The business, styled as Edward Charles Bracebridge & Co is evident in various directories with the dates 1851-81.  The primary address remained 8 Red Lion Street, in 1862 a shop was trading at 119 New Bond Street, managed by Charles Roe.  The family residence was 6 Barnsbury Villas, Liverpool Road, Islington.

Edward Charles and Philippa had two sons, James (James II), circa 1823-92, and Edward Gilbert, 1822-99.  James II proved to be the more high profile outside the family business itself – he served as Treasurer to the Watch and Clockmakers Benevolent Institute and was this body’s representative at the funeral of Charles Frodsham in 1871.

James himself eventually found his health failing and in the 1 August 1891 issue of The Watchmaker, Jeweller and Silversmith it was reported:

. . . Mr. James Bracebridge is retiring from the business which he has carried on for many years as watch manufacturer in Clerkenwell, under the style of E. C. Bracebridge and Co.  Mr. Bracebridge has appointed his nephew, Mr. F. Bracebridge Mills, to settle his affairs. There is, we believe, some likelihood that Mr. T. D. Wright, who for many years has held the post of manager to Mr. Bracebridge, will continue the business, and in this event there is no doubt that the reputation the firm has long enjoyed will be fully maintained in Mr. Wright's hands.

Edward Gilbert’s role in the business is not clear.  One of the few references to him is a record of a donation of £10.10s. to the North London Consumption Hospital in 1896, so one might conclude that he, or a close family member suffered with this condition which was all too prevalent in late nineteenth century London.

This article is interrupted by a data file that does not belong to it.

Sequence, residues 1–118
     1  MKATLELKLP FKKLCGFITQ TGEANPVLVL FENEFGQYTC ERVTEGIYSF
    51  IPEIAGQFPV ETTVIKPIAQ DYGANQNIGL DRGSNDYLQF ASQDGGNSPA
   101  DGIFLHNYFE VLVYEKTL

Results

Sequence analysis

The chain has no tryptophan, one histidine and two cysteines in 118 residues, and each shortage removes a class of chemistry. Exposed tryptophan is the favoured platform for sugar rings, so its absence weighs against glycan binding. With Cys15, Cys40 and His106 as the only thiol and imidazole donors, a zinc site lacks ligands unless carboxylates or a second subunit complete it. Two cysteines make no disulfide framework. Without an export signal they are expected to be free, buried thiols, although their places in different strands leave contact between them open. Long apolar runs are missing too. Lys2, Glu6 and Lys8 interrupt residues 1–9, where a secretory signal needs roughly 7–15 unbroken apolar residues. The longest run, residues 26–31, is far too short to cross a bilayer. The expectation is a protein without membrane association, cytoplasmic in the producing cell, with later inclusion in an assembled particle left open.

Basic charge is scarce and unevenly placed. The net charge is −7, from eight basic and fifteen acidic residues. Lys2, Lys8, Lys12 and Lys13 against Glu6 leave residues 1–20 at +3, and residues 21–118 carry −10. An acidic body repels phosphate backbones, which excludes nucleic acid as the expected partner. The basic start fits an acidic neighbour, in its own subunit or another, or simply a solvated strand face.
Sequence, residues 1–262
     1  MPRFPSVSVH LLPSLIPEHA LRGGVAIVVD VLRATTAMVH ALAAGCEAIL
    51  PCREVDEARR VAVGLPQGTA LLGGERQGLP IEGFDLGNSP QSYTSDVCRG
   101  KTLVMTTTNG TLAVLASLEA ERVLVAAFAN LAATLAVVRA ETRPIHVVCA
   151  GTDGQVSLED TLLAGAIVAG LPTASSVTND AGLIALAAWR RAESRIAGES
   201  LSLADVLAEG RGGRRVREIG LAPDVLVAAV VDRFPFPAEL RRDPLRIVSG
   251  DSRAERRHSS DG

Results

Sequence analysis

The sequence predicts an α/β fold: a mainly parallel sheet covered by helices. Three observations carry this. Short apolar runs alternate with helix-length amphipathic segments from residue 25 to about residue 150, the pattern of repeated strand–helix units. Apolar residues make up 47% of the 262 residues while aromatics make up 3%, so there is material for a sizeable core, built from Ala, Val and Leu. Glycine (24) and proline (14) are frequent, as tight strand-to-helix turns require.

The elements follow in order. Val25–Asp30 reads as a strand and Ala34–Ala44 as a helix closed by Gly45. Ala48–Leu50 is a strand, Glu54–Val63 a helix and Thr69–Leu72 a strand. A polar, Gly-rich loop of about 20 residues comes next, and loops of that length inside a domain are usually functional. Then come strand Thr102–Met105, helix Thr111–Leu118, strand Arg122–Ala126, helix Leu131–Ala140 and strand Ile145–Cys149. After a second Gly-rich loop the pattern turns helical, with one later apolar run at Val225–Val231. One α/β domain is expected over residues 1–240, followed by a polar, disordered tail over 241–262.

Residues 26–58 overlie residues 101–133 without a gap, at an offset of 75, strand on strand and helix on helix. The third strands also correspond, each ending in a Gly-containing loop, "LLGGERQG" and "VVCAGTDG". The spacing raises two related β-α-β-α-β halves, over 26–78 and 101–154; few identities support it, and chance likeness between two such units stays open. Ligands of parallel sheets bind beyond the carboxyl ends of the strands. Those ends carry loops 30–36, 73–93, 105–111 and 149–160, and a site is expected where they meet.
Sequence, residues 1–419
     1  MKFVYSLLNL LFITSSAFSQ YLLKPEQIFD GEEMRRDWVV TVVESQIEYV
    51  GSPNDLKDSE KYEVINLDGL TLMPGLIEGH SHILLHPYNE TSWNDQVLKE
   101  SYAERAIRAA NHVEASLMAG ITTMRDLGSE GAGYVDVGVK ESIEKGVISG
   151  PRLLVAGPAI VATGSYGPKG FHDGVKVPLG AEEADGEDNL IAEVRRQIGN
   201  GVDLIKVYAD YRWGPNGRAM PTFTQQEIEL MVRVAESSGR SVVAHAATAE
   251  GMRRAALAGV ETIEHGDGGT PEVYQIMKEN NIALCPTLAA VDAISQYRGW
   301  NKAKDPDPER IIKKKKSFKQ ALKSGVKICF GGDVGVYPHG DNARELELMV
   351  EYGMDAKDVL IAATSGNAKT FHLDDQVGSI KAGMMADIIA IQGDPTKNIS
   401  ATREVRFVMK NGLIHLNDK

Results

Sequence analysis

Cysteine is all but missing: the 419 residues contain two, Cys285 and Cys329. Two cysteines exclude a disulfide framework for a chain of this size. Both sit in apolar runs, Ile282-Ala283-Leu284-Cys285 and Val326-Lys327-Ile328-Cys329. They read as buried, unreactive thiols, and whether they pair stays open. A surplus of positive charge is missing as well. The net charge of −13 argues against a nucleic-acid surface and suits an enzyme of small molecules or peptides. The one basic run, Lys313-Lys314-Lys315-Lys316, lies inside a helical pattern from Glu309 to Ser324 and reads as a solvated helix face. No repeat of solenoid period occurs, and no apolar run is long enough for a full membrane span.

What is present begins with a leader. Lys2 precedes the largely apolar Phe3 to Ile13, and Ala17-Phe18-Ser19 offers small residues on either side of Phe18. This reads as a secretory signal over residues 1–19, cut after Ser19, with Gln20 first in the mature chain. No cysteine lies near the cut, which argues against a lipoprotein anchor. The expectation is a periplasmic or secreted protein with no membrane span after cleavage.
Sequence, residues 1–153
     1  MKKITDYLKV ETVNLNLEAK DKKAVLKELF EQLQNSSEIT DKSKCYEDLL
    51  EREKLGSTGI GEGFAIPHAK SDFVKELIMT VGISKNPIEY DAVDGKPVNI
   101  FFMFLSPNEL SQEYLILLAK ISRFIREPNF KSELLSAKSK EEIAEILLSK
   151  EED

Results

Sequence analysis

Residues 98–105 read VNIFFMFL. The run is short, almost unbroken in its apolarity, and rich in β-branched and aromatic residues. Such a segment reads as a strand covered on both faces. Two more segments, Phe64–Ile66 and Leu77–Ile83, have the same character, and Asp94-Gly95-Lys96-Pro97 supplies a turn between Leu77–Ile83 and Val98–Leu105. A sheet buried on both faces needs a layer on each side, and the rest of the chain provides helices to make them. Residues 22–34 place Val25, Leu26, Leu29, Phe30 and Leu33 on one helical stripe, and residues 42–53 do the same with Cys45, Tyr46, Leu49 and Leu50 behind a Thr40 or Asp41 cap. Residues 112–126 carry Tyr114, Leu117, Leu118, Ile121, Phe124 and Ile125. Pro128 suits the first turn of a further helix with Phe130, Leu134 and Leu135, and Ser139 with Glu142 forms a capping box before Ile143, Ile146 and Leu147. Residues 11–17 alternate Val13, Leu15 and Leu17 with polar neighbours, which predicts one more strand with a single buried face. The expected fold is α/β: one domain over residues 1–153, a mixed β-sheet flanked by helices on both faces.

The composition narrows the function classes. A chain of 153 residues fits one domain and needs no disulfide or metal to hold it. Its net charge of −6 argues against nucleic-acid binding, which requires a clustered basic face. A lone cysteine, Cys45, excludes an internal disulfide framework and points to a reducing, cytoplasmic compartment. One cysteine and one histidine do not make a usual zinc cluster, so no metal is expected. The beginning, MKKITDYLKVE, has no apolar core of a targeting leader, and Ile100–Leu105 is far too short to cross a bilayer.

Thomas Wright formed a partnership with William Craighead to carry on the business at Red Lion Street from 1891.  Wright became very well known in wider horological circles and it was his proposal for the format of British Summer Time clocks adjustment that we use to this day.

I have traced eleven extant Bracebridge watches.  Attribution to specific members of the family is difficult because of some missing movement numbers, some re-cases and un hallmarked cases.  At least three sets of 4 digit movement numbers seem to have been used, with an apparently relatively consistent range between 1823 - #5882 and 1850 - #8935.  A five digit #38931 is dated to 1865 and another, #12741, is in a silver case hallmarked for 1892.

Perhaps the most attractive is #5882, a repeater in 18ct Gold Case made by Louis Comtesse:


Courtesy of Matthew Barton Ltd


The British Museum holds a Bracebridge movement.  Circa1865, this features a Savage-two-pin lever escapement and utilises a keyless winding mechanism:

© Trustees of the British Museum